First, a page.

Monthly Archives: March 2014

CHARLES SHEELER: American Landscape, c. 1930

The only trace of humanity in Charles Sheeler’s austere American Landscape is a tiny figure scurrying across the railroad tracks. With one arm outstretched, he appears frozen in action, as if in a snapshot, precisely halfway between two uncoupled freight … Continue reading

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MARY CASSATT: The Boating Party, 1893/1894

Mary Cassatt decided to become an artist at age sixteen, when most women of her era and social status were looking forward only to marriage. Defying convention, she studied art in Philadelphia before heading to Europe and settling in Paris, … Continue reading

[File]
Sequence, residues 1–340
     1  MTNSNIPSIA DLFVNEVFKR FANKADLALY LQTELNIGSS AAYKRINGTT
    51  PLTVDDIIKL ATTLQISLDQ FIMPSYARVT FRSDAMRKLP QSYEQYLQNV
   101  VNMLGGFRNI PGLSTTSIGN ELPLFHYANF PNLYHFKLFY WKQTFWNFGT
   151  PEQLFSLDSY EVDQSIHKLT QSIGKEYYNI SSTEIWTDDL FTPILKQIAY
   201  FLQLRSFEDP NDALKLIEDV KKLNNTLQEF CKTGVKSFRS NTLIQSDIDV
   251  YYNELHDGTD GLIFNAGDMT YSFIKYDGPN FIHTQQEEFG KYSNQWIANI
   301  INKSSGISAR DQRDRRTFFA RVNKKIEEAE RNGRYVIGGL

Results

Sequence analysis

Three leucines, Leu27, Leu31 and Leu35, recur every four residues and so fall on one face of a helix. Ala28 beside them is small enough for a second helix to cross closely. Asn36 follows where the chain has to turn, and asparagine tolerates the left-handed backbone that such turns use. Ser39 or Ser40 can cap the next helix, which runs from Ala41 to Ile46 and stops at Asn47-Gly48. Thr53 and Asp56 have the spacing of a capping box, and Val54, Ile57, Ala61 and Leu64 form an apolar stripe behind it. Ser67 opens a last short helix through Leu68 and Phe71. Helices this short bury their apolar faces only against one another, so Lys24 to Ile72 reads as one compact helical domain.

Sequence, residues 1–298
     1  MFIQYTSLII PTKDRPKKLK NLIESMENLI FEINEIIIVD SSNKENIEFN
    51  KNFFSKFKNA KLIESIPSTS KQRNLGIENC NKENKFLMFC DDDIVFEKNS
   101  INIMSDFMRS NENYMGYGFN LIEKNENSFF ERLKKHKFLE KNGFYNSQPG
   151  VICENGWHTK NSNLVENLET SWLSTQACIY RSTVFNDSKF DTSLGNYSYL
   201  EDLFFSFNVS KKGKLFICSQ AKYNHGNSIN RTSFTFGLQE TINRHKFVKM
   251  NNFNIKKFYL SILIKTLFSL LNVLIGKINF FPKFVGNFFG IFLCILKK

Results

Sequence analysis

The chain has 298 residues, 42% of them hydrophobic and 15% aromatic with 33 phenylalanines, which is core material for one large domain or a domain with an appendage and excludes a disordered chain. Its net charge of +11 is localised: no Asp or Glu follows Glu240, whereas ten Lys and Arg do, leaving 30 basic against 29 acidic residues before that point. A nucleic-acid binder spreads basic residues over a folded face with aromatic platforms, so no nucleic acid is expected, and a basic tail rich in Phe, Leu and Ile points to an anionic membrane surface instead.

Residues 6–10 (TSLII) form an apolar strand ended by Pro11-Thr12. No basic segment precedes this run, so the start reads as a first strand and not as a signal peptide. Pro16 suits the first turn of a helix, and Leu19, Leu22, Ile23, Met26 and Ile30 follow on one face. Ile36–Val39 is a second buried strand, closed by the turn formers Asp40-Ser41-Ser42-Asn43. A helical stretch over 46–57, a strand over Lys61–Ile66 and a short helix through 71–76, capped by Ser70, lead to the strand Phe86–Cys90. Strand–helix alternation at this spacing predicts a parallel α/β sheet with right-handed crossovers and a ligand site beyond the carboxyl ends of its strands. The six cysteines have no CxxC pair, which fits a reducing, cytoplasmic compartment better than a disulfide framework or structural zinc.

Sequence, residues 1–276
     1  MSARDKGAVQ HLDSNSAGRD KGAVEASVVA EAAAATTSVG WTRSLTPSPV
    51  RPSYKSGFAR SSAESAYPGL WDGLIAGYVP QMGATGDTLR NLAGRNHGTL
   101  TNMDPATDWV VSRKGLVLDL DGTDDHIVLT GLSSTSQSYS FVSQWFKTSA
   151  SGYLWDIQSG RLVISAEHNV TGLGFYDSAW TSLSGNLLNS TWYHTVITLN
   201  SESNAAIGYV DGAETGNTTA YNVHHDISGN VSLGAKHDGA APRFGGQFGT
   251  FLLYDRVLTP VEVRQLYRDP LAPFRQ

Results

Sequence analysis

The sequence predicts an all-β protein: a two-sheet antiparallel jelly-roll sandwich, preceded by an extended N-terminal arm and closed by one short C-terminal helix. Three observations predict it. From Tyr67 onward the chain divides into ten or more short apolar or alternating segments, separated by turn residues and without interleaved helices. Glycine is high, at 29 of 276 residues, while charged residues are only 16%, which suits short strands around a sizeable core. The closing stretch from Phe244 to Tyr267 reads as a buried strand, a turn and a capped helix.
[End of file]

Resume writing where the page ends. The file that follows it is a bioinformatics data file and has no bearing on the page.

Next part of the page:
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LOUIS COMFORT TIFFANY: Autumn Landscape—The River of Life, 1923–1924

Louis Comfort Tiffany, son of the founder of the New York City jewelry store that still bears the family name, took no interest in his father’s business. Instead, he trained as a painter in Paris, and upon returning to New … Continue reading

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WALKER EVANS: The Brooklyn Bridge, New York, 1929

When the Brooklyn Bridge opened to traffic in 1883, it was the largest suspension bridge in the world, and its towers were the tallest structures in the Western Hemisphere. As the years went by, that triumph of engineering and architecture … Continue reading

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